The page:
Brussels, 9 December 1996 (RFE/RL) - NATO ambassadors gave provisional approval today for an alliance-led force of between 25,000-30,000 troops to stay in Bosnia next year to police the fragile Dayton peace accords.
The 16 ambassadors approved the plan for a Stabilization Force (SFOR) after meeting in Brussels today with representatives of 17 non-NATO nations contributing troops to the peace mission.
NATO foreign ministers meeting in Brussels tomorrow and Wednesday, are expected to endorse an 18-month long mission which will officially begin December 20 -- the day the mandate of the current force expires. Officials said the United Nations Security Council is expected to pass a resolution approving the force next week.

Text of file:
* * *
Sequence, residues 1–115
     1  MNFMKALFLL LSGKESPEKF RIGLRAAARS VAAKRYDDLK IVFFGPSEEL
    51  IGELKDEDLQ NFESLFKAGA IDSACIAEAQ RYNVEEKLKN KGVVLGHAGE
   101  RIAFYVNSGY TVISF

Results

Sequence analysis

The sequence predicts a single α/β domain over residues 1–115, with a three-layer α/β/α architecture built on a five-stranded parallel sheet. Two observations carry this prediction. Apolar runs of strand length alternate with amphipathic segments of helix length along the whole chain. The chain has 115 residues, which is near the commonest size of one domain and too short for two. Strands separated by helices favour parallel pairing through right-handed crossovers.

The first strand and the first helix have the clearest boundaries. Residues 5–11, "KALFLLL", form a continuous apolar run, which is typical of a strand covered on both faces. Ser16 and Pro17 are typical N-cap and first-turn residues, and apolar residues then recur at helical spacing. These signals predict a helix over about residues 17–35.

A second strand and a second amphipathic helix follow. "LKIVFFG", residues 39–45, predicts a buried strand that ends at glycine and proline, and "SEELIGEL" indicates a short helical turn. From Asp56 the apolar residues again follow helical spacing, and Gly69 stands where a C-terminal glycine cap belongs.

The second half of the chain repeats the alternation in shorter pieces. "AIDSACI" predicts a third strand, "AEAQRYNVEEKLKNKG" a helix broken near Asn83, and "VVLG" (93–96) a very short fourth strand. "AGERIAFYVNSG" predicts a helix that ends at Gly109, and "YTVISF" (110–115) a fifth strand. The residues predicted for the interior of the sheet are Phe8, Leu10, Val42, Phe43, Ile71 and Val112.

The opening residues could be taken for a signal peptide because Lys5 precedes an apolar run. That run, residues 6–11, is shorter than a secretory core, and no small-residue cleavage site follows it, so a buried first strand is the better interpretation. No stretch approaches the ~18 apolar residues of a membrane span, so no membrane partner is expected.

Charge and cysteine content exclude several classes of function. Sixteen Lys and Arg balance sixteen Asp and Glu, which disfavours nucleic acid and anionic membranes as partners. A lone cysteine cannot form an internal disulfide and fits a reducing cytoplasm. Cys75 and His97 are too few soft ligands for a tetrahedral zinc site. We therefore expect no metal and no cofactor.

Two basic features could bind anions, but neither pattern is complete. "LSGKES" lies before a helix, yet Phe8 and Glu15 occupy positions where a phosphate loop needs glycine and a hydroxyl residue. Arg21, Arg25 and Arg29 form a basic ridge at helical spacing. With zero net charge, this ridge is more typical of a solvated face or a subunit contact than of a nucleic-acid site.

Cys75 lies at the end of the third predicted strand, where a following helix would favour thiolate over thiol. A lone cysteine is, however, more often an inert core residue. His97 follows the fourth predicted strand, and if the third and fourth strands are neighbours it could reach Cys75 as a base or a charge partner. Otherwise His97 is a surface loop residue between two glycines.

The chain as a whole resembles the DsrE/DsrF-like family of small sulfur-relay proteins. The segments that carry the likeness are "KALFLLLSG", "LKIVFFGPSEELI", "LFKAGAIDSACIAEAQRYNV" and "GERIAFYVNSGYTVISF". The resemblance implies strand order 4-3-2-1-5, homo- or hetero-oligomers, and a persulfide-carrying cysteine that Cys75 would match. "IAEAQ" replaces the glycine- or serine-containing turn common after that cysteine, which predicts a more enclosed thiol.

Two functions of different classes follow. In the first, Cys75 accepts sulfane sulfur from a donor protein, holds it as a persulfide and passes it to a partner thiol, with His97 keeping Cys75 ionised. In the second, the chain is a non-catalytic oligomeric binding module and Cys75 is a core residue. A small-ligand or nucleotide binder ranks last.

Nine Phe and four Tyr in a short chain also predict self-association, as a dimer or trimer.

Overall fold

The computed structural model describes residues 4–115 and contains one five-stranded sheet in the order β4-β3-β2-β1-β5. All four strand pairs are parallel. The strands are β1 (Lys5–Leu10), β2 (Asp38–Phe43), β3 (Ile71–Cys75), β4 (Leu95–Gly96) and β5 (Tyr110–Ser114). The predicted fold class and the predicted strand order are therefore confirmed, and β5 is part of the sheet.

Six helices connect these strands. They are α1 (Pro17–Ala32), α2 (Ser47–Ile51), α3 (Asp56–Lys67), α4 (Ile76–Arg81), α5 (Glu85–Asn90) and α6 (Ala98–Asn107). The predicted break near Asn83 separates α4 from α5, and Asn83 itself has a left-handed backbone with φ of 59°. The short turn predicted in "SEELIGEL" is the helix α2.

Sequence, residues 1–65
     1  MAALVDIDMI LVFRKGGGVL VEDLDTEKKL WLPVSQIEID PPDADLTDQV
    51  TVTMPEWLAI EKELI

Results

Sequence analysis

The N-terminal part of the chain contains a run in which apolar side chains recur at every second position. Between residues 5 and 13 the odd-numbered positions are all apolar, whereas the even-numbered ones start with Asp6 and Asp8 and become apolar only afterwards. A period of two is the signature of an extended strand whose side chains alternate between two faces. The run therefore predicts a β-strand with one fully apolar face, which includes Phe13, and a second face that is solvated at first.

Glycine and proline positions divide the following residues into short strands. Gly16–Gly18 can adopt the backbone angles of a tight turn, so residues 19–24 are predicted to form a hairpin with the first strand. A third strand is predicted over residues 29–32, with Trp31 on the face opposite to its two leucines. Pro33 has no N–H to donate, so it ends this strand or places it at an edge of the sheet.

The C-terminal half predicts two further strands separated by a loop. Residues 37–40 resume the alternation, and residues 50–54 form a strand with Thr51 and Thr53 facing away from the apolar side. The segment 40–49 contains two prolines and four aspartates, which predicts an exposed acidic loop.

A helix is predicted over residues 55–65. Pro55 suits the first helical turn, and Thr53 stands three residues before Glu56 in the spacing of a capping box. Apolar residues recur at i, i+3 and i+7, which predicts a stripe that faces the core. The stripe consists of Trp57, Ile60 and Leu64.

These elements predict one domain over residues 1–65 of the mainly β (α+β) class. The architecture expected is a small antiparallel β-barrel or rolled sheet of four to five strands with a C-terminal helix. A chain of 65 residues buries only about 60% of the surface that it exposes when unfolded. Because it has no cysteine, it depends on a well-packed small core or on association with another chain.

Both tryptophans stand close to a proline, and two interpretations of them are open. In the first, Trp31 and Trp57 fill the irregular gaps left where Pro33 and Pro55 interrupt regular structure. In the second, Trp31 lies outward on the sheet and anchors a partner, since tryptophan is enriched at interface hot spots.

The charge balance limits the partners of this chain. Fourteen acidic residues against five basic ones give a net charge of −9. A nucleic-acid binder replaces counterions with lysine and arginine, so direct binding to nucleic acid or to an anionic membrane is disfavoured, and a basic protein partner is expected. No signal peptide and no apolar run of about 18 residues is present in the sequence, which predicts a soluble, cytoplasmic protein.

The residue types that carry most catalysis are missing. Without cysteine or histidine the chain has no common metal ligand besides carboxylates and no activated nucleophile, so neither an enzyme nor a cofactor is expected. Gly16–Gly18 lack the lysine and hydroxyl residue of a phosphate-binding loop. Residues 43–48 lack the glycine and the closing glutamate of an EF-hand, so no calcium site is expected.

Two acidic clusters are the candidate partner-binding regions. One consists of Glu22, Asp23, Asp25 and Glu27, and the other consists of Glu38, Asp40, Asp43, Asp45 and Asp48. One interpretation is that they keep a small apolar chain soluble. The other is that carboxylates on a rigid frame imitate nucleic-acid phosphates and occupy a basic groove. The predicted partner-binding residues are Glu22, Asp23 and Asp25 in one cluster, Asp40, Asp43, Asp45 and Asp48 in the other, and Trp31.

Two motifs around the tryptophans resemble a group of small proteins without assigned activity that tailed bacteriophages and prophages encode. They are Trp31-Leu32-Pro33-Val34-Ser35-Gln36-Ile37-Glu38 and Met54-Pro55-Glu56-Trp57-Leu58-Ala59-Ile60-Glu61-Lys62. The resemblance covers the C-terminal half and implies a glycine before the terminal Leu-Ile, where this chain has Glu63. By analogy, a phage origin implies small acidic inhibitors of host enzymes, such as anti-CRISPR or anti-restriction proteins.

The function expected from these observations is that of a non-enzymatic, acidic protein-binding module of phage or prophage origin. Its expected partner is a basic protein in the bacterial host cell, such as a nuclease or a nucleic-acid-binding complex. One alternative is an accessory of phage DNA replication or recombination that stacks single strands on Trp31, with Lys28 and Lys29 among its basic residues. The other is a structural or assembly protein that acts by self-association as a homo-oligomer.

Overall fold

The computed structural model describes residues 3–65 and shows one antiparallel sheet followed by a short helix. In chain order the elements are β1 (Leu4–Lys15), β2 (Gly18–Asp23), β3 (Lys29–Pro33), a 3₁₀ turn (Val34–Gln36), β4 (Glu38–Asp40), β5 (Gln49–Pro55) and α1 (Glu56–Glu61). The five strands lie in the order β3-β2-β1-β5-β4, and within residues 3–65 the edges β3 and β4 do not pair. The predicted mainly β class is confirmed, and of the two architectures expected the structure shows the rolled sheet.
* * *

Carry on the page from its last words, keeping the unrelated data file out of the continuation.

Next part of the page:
The new force takes over from the NATO-led Peace Implementation Force (IFOR) which at its height numbered some 60,000 troops from over 30 countries.
Meanwhile, in Moscow, the international mediator for Bosnia, Carl Bildt, says Russian units will be part of the NATO-led force that will stay in Bosnia next year to police the fragile Dayton peace accords.
He said Russian units would be part of the 25,000-30,000 -strong force and would be deployed from between 12 to 18 months.
Bildt described as "wonderful" present cooperation between NATO and Russia and said it bodes well for future interaction between Moscow and the Western alliance.
Bildt spoke to reporters in Moscow today after a meeting with Russian foreign minister Yevgeny Primakov.